WIT Press

Film Cooling With Swirling Coolant Flow


Free (open access)

Paper DOI






Page Range

189 - 200




4565 kb


K. Takeishi, Y. Oda, Y. Egawa & T. Kitamura


This paper describes the experimental results of a new film cooling method blowing through circular and shaped film cooling holes with swirling coolant flow. The experiments have been conducted by using a low-speed wind tunnel. The film cooling effectiveness on the flat wall was measured by using pressure sensitive paint (PSP) techniques. In addition, the spatial distribution of the film cooling effectiveness and flow field were measured by leaser induced fluorescence (LIF) and particle image velocimetry (PIV), respectively. In the case of the circular film cooling hole, the coolant jet penetration into the mainstream is suppressed by the swirling motion of the coolant. As a result, although the coolant jet is deflected in the pitch direction, the film cooling effectiveness distribution on the wall keeps a higher value behind the cooling hole over a long range. Additionally, the anti-kidney vortex structure disappeared. For the shaped cooling hole, the coolant jet spreads wider in the spanwise direction at the downstream. Thus, the pitch averaged film cooling effectiveness at the downstream was 50% higher than that of the non-swirling case. Keywords: gas turbine, heat transfer, film cooling, PSP, LIF, PIV. 1 Introduction Gas turbines are used for aircraft propulsion and land-based power generation. Developments in turbine cooling technology play a critical role in increasing the thermal efficiency and power output of advanced gas turbines. Gas turbine blades are cooled externally by film cooling. This is achieved by injecting relatively cooler air from the internal coolant passages out of the blade surface in order to form a protective layer between the blade surface and hot gas-path flow. The interaction between the film-cooling air and the mainstream, which is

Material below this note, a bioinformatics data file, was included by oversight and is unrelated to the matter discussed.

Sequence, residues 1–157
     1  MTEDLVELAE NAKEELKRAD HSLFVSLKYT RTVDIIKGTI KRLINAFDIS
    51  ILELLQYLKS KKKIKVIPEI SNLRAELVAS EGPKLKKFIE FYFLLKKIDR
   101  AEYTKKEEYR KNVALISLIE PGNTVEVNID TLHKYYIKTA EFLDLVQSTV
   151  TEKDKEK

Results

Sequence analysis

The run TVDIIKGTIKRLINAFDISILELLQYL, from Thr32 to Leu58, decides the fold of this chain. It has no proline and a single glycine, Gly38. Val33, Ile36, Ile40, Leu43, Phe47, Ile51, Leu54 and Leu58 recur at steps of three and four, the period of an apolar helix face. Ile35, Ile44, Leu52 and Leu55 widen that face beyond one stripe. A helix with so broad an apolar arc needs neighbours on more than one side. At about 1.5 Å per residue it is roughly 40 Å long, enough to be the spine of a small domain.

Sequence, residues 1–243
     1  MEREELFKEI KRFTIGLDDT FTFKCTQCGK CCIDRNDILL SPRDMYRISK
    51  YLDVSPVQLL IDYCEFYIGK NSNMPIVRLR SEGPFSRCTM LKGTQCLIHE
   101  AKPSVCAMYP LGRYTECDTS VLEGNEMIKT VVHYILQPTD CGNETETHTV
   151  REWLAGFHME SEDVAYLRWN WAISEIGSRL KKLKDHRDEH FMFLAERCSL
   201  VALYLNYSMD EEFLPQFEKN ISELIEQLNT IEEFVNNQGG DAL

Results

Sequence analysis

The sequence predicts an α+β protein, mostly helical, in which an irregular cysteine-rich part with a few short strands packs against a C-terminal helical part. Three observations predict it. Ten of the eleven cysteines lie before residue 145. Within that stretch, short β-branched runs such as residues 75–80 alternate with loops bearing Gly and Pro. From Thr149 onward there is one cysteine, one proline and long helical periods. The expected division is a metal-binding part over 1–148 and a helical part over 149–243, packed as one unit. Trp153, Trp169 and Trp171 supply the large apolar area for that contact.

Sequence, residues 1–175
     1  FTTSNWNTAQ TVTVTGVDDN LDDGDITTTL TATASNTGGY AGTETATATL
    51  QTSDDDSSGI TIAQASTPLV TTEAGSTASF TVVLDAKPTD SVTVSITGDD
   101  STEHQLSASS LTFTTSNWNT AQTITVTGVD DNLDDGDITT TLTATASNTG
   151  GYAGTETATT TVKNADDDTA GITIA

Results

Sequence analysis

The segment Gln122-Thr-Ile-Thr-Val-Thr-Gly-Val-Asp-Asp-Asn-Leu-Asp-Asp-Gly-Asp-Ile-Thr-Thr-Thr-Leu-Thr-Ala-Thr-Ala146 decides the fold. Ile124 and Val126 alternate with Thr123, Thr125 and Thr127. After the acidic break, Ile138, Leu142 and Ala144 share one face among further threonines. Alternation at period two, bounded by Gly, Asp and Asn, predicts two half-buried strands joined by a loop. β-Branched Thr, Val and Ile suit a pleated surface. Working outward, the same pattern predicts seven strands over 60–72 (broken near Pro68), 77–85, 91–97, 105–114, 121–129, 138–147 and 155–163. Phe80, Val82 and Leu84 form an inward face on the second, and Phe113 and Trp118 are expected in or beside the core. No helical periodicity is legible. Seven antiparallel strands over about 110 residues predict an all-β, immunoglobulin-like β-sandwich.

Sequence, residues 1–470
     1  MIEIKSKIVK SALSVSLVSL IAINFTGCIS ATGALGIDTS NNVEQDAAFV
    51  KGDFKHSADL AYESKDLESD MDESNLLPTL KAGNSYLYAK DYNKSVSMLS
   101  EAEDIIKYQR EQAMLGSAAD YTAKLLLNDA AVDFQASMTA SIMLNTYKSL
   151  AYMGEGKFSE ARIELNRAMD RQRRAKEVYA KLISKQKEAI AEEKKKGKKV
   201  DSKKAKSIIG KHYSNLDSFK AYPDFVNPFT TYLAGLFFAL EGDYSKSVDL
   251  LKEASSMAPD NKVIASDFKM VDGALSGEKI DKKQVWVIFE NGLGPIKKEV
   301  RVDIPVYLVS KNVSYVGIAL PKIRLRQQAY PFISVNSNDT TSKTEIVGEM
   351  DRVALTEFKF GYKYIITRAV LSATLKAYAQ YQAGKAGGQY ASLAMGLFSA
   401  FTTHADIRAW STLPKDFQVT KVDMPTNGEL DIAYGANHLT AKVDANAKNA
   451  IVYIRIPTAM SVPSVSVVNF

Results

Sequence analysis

gas turbine, heat transfer, film cooling, PSP, LIF, PIV